Sep 26, 2011

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Updated: Xbox Live Account Hacked to Buy Black Ops Map Packs

Updated: Xbox Live Account Hacked to Buy Black Ops Map Packs

Maybe it’s a sign of the times, or maybe it’s a sign that DLC has become way too expensive, but last week a hacker got access to my Xbox Live Account to purchase 6000 Microsoft Points, and then used those points to buy two Black Ops Map Packs. I happened to be playing Black Ops at the time, so I was able to catch them before they purchased more, but in the span of 15 minutes, they charged $75 to my credit card.

Last week at around 8PM, I was playing Call of Duty: Black Ops, and while I was waiting for a match to start, I got a message that said something like, “Your Xbox Live information is not valid. Please login with a valid account or recover your account.” So I backed out to the dashboard and started the recovery process. Once it was finished, I figured everything was good to go, but after trying to login again, I was greeted with the same message.

At this point I decided to change my password on; not sure why I decided to do that, but I did just as a precaution. After the whole Sony thing, I guess I’m a bit more paranoid about these things.  Once I changed my password I was able to recover my account, but then I noticed something strange. I had 3600 points in my account. After checking my email, I noticed there were three consecutive charges for Microsoft Points. The person who hacked into my account had purchased a 4000, 1200, and 400 Microsoft Points Bundle. The charges were consecutive, and then after checking my active downloads, I found they used some of the points to purchase the first and third Black Ops map packs.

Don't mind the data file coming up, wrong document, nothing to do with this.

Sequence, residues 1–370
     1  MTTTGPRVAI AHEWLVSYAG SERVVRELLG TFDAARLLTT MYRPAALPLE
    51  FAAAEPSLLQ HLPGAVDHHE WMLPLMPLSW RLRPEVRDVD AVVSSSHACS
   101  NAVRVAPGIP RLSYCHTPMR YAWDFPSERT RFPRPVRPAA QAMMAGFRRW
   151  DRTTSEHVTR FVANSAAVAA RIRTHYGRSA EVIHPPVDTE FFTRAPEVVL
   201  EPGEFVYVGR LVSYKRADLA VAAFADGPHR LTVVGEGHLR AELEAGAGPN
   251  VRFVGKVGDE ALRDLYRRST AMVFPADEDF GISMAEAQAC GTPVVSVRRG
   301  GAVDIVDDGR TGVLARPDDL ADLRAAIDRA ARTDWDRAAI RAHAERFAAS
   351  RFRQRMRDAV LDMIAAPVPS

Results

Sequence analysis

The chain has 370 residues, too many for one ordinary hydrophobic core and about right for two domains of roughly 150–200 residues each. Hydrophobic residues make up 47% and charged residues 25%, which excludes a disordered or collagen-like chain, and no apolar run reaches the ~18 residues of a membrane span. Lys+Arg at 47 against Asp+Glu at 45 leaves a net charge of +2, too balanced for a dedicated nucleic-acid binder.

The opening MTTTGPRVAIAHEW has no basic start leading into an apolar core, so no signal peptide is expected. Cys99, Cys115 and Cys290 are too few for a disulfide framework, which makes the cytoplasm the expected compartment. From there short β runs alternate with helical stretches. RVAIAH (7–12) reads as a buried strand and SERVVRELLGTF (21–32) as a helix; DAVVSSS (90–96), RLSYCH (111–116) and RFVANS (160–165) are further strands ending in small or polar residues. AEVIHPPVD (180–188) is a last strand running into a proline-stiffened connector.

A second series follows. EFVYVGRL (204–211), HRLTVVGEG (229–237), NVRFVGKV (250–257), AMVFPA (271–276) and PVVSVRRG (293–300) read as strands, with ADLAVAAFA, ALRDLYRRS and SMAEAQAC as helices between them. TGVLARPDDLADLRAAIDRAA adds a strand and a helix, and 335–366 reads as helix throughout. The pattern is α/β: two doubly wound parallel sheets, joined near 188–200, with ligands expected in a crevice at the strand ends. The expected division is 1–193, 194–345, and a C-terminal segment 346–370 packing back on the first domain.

I was able to secure my account quickly and stop them from purchasing more items from the marketplace. I figured they only purchased those two since I already had the second map pack. What was disappointing about this entire thing was the aftermath and Microsoft’s inability to rectify the situation in a timely matter.

I called Microsoft instantly and told the representative about the issue. They looked up my purchase history and saw that I had not purchased points since May of this year, and that I have never purchased that many points in one sitting since I’ve had an Xbox Live Account. Yet I had to talk to three different people over three days in order to finally get a real answer to my problem. The first thing they did was to cancel my account, remove my credit card, and issue me a few 1-month gold subscriptions that would last me till the end of my subscription. The next thing they did was to put me on a list for their “investigation” team to contact me. The next day someone contacted me, but it was only to give me a 1-month code that they still owed me. At this point I told this new representative about the issue and he explained that the other representative didn’t follow the correct steps to get a refund for the charges.

Finally, I spoke to someone the following day, and they told me I had two choices. I could suspend my subscription for up to a month, during which time they would give me a “loaner” account, and they would investigate the charges, including the Xbox that was used to recover my account. The other option was to dispute the charges with my credit card company, in which case they would not allow the charges to go through on their end, and Xbox would have to take it from there, but I would get the charges taken off my account. This process takes half the time, but I’d have to get a brand new card.